What exactly are you trying to secure? The email in transit to other people? In that case, you'd want to use something like PGP to encrypt the message, since email is sent in the clear...your service provider could easily intercept email messages flying over their network (or anyone supplying a connection between you and the recipient). PGP will definitely give them more trouble than it's worth to decrypt the message. There should be plugins for Outlook to integrate it.
Are you trying to secure the storage of messages on your server? You'd want to take the usual precautions of making sure the server has all the latest patches, STRONG passwords, rotating password policy such that users have to change their passwords periodically with minimum 8 letters mixed case alphanumerics, probably on a thirty to ninety day cycle.
You have AV and malware scanners on the mail server, yes?
Are you worried about storage being taken? Governments like taking those if they think there's reason to examine it for something an employee has been doing. The only way to stop that is encryption of the storage volume. Here's where things get hairy because you need to have GOOD BACKUPS in place before screwing around with this...you can use something like NTFS's native encryption or truecrypt to encrypt the volume. This also means that if there's problems with data being corrupted, boot issues, etc...you're up a creek if you don't plan ahead and test, since you can't just boot up with a rescue disk and get to data for recovery! You may want to only have a partition set aside for storing data from the mail server, then encrypt that volume.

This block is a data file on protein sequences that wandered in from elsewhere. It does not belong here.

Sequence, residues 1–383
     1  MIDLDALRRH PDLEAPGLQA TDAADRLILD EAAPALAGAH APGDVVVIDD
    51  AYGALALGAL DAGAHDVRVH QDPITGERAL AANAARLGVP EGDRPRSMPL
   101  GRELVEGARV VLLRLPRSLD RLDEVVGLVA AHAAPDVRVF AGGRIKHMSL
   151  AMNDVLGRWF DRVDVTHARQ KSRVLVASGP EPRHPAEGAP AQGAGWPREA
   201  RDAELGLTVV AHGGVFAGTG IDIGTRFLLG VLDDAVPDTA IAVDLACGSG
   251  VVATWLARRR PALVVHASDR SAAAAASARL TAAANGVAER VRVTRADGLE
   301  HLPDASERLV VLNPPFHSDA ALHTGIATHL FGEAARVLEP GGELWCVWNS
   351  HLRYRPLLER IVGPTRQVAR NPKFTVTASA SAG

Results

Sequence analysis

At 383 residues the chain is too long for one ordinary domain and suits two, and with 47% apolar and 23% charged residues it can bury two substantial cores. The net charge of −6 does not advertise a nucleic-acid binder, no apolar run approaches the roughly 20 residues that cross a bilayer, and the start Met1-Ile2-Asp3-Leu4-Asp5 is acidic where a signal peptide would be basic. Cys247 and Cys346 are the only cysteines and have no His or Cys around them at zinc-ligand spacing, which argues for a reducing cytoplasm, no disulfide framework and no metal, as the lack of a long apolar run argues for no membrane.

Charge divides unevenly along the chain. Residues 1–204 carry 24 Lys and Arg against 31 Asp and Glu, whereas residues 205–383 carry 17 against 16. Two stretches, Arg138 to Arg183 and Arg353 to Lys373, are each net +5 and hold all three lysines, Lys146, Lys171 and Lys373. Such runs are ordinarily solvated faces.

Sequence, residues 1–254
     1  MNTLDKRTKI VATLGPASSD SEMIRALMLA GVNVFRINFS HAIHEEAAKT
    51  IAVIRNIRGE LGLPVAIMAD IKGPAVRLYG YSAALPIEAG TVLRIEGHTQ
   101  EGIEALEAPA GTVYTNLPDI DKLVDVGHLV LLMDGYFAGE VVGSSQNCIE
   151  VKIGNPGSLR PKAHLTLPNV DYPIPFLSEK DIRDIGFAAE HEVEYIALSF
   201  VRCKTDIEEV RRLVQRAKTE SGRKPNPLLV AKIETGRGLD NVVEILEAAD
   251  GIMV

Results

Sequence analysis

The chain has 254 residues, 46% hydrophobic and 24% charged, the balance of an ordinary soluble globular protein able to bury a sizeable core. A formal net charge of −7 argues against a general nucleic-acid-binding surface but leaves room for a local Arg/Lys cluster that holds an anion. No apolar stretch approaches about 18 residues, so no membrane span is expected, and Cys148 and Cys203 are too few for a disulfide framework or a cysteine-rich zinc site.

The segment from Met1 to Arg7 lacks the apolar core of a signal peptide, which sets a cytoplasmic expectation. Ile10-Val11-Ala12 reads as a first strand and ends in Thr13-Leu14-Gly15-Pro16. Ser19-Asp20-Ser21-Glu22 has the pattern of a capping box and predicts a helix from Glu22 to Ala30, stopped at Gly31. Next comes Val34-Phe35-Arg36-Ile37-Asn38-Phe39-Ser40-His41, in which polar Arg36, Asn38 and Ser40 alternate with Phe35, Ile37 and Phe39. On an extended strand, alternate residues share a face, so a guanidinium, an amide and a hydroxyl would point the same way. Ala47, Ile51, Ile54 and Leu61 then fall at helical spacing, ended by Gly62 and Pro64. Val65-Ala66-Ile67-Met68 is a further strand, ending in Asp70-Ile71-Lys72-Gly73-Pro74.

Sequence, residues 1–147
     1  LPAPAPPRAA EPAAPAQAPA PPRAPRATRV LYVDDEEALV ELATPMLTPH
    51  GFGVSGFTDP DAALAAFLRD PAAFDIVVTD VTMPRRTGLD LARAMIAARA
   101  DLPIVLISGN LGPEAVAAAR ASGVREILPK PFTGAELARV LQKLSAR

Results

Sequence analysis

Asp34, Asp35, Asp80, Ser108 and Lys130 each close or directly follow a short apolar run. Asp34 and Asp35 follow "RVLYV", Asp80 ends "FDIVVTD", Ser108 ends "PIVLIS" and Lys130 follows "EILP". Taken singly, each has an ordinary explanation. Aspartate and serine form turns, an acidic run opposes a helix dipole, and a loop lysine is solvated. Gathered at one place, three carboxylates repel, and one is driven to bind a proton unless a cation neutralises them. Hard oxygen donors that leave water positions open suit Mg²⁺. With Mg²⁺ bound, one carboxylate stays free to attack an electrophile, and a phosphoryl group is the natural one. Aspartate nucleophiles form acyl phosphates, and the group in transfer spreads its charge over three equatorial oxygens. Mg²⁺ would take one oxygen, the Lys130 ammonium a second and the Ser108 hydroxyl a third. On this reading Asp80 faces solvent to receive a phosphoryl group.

Again...TEST BACKUPS. We're talking about making changes to your mail server where if something goes wrong you could easily lose data.
Then that's another question...you are using a backup product that encrypts the tapes, right? Because all the security on the mail server means nothing if some punk can walk out with a tape to recover the data at home because you don't have it passworded and encrypted.
How far do you want to layer security? Because if you're running Outlook in a way that caches data, anyone that puts malware on the client system can read their email. Heck, taking over the boss's computer means they have access to whatever the boss has access to, encrypted or not.
You really need to identify the specific threats you're trying to guard against. Plan out how if you were an outsider you'd try to get whatever asset you're protecting. Then figure out how you'd be thwarted. Stealing client computers? Data backups? Sniffing traffic? Keystroke loggers? What accounts need to be protected?
Then take a deep breath and figure out how much it's going to COST in terms of money and in terms of convenience. Security often isn't the most convenient thing, and users will grow frustrated if they have to put up with things like decryption and encryption (and getting other people to USE the encryption) or having to store passwords or having multiple passwords. You need to find a balance between safety and convenience so that your users will work WITH you and not against you, because your security won't mean squat when users decide to work around your security measures when they're too irritated to follow procedures.